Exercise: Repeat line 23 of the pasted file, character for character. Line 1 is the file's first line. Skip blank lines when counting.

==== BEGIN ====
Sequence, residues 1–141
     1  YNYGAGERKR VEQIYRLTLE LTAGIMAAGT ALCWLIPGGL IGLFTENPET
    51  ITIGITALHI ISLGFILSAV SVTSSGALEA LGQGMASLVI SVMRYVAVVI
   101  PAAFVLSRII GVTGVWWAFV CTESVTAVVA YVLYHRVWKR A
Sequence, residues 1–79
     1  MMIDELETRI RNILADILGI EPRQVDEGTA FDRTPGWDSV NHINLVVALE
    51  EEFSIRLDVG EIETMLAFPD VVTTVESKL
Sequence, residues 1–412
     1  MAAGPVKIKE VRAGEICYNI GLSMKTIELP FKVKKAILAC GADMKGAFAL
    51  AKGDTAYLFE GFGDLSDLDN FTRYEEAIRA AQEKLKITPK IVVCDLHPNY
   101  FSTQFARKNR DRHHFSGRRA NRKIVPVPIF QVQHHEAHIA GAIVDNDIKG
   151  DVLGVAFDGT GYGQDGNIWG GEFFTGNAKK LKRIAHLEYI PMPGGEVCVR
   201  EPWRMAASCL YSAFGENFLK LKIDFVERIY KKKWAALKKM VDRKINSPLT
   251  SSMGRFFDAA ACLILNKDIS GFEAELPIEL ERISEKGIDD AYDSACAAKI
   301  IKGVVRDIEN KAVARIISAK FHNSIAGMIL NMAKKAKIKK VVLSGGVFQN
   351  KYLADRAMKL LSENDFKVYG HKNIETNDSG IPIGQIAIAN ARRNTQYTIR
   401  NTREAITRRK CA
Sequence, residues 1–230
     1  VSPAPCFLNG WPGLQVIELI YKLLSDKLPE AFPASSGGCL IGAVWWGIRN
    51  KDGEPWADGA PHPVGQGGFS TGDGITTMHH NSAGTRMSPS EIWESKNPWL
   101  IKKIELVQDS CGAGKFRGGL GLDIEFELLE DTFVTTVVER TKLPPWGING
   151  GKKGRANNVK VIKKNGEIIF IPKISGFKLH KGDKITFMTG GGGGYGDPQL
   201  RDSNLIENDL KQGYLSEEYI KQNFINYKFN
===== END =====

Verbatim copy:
   201  RDSNLIENDL KQGYLSEEYI KQNFINYKFN